Respect your body, your equipment, and the Red Sea
Egypt has been blessed with the Red Sea; you can swim in its warm waters, surf its windy swells, or dive its stunning depths. And in attempting to do the latter in bodies of water the world over, we humans have uncovered a life much less ordinary.
Freediving, which relies only on breath-holding, has been around since humanity began. Diving with an air supply likely started with long reeds, the predecessor to the snorkel, but any longer than a meter and it becomes too difficult to breathe against the water pressure.
From the late 1700s to the mid 1900s, various European inventors experimented with improvements to air supply, first manually pumped from the surface and then later becoming self-contained. And as many of us remember from childhood schooling, it was Jacques Cousteau’s aqua lung which was the considered the brilliant foundation of today’s scuba gear.
If you’ve been snorkeling already, and intend to again, then you should start buying your own gear, so when the time comes to take the plunge, you’re good to go.
A mask and snorkel are a good place to start. A comfortable mask that fits the shape of your face can be hard to find, but once you find it, buy one. Consider splashing out on a snorkel with a closure valve that seals against water, so you don’t end up gasping on the pounding waves that could otherwise be sent through your snorkel by the blustery winds of a Red Sea in winter or spring.
Fins are considerably more straightforward, and your best bet is a pair of open-footed ones that you use with a pair of neoprene booties, enabling you to then traipse more comfortably over the reef.
Your remaining equipment – high-pressure tanks holding compressed air, a regulator that supplies air at the correct pressure, a buoyancy vest to be inflated or deflated via your air tanks, and a wet suit – can all be hired from the nearest dive center.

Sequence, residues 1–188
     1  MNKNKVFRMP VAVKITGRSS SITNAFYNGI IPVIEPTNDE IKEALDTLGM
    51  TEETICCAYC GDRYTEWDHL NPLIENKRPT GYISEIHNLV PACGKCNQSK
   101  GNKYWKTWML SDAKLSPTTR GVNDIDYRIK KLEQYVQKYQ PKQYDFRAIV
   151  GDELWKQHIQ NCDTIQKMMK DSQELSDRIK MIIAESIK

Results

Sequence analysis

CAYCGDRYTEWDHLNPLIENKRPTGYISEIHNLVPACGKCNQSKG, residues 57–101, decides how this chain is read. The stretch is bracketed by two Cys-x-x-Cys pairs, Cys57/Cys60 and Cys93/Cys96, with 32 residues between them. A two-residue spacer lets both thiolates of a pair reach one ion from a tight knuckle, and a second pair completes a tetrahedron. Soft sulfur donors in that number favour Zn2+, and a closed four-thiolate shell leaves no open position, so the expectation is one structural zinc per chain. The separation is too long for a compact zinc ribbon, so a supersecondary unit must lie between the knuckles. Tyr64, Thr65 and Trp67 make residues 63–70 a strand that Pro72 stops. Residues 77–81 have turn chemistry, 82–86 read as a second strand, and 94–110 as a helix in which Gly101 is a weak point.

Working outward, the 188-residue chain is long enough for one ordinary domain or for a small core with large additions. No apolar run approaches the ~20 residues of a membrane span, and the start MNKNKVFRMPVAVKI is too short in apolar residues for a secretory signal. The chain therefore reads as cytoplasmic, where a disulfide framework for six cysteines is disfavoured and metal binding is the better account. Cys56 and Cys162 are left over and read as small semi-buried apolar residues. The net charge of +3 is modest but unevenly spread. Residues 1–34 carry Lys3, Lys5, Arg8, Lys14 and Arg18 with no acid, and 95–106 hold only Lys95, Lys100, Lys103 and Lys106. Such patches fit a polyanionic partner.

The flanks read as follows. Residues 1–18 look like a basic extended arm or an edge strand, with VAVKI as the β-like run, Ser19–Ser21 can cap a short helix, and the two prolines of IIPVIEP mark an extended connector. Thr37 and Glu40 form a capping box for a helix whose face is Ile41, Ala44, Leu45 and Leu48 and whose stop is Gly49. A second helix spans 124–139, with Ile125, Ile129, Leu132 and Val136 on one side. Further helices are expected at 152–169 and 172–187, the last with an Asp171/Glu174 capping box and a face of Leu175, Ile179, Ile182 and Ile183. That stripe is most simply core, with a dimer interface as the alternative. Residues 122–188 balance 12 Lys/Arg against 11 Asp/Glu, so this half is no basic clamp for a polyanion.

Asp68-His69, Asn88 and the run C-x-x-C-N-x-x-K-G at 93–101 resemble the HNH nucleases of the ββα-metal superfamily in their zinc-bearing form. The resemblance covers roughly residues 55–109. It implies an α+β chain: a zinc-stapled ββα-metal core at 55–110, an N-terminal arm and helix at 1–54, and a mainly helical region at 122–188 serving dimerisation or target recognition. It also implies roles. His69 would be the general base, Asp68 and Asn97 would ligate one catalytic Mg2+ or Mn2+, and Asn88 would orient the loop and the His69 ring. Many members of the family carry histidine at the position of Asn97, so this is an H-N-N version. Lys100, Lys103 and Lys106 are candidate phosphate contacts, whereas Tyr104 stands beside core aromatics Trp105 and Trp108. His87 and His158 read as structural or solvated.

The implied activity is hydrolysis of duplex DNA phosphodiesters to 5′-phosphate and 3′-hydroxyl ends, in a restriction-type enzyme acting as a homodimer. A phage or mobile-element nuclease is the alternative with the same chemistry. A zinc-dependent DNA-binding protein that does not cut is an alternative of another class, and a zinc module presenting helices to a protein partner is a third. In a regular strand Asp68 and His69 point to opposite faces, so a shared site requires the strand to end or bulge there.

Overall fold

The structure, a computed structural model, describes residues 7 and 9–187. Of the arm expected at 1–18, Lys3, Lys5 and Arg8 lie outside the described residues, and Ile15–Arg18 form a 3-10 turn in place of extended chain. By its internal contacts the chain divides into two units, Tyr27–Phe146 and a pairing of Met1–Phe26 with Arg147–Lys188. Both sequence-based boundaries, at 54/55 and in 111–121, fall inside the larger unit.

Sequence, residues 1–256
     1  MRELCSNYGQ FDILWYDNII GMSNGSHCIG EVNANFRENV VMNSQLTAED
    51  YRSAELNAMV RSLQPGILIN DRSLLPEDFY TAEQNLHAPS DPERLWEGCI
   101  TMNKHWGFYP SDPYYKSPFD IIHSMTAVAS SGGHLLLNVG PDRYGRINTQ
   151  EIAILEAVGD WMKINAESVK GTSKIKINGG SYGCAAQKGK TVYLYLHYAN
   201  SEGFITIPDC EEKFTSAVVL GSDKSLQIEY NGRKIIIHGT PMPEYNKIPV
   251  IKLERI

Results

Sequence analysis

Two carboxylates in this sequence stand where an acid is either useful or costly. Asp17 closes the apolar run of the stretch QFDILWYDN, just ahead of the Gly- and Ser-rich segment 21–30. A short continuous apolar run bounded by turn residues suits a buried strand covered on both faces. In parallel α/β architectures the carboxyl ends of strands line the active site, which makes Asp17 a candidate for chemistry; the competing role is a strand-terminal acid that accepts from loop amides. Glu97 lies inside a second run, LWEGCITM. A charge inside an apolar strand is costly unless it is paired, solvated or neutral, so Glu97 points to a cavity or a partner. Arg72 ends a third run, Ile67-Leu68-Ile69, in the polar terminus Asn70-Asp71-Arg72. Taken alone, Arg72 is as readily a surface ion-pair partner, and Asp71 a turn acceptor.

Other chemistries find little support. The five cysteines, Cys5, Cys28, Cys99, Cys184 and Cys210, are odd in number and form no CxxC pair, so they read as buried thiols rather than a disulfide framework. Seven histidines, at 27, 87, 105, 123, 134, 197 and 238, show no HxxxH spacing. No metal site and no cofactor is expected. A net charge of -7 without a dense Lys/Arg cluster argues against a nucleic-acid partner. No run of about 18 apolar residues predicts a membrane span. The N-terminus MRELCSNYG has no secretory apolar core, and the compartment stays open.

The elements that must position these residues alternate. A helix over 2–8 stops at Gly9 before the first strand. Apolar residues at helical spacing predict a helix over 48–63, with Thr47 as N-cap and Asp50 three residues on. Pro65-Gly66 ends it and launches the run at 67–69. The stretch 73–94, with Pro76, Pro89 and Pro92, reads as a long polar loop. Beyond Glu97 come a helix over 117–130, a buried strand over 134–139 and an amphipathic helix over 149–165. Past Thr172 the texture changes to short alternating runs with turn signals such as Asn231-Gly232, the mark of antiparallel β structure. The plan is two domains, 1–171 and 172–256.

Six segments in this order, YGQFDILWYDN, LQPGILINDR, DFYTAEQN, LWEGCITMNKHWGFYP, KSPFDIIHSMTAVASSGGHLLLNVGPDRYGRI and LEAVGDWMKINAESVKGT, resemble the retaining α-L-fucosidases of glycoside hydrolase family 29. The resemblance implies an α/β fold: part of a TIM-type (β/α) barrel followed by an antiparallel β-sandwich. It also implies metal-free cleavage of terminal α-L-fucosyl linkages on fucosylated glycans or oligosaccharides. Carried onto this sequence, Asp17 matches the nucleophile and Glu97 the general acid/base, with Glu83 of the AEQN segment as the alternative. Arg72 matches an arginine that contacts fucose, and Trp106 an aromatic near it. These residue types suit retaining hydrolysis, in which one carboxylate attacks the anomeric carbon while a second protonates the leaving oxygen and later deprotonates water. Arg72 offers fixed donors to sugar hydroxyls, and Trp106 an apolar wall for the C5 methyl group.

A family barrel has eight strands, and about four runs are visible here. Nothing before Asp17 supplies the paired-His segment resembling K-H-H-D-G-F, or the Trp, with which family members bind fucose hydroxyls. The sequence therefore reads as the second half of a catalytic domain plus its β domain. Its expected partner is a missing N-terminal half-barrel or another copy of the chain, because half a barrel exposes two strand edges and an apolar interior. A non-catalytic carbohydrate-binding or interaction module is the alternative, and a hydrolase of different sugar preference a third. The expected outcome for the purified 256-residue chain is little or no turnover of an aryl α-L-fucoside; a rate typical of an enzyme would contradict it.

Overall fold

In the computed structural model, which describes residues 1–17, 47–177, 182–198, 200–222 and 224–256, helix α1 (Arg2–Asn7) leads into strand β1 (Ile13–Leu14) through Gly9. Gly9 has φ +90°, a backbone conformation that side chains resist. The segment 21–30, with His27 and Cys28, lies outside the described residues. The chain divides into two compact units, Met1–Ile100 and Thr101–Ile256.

Once you have assembled all this kit, you’re ready to swim with the fishes – but not in the mafia sense, so listen up.
As you descend into the shark-laden depths, the squeals you hear may not be due to toothy predators, but rather the reaction of your inner ears to pressure changes. As with chewing bubblegum as an airplane drops altitude to land, blowing gently against a pinched nose can help you equalize the pressure as you descend below the water’s surface.
As you go down, the air inside your ears becomes compressed from the extra weight of the atmosphere and the water above, increasing the pressure all around you. The pressure difference should be equalized every meter, or the resulting ruptured eardrum will not just stop you diving for the next while – it will hurt like hell.
As for your breathing apparatus and its air: Oxygen, under pressure, will become toxic – at just over 10 meters if breathing pure oxygen, and at 105 meters if breathing air. This demands that the percentage of oxygen in your tanks be decreased for deeper dives.
Keep in mind that air consists of both nitrogen and oxygen. And as nearly 80 percent is nitrogen, this is the gas that should concern you most while diving. When descending, the increased pressure compresses the body, causing the nitrogen to be intensively absorbed by the blood and dissolved, meaning nitrogen narcosis and its resulting disorientation and feeling of intoxication.
When rising back to the surface, decompression occurs and the ensuing pressure decrease releases the nitrogen gas from the cells and tissues. If the diver ascends too fast, before complete desaturation takes place, nitrogen forms bubbles in the cells and tissues; these dangerous bubbles can plug small arteries and stop the flow of blood to the organs.
Decompression tables, or a dive computer, will tell you how long you can safely stay at a certain depth, and how to safely ascend from various depths with differing durations and breathing mixtures.
Given the difficulties and risks of diving, some may wonder why anyone would go to all this trouble in the first place.
While ‘returning to the womb’ maybe an over simplification, or exaggeration, of the feeling of breathing underwater, being in such an environment can indeed connect you with positive and powerful emotions. The underwater world can be humbling and affect your view on life itself.
As you emerge from the deep and are walking out from the Red Sea, you might even be so moved as to find yourself collecting some of the many plastic carrier bags that sadly litter so much of the coastline.
Before you get too carried away though with a sense of oneness with your sub-marine brethren, it’s best to keep a respectful distance from them – do not touch the fish, or anything in fact. After all, many underwater creatures are masters of disguise, and self-defense, and by the time you realize that spectacular plant is actually a venomous lionfish – “but it’s so pwetty . uh . nnngh . aaargh! is all that will follow after its hypodermic needle-like dorsal spines inject you with neurotoxin.
Not that I hold anything against the sea urchin that impaled my hand at 18 m .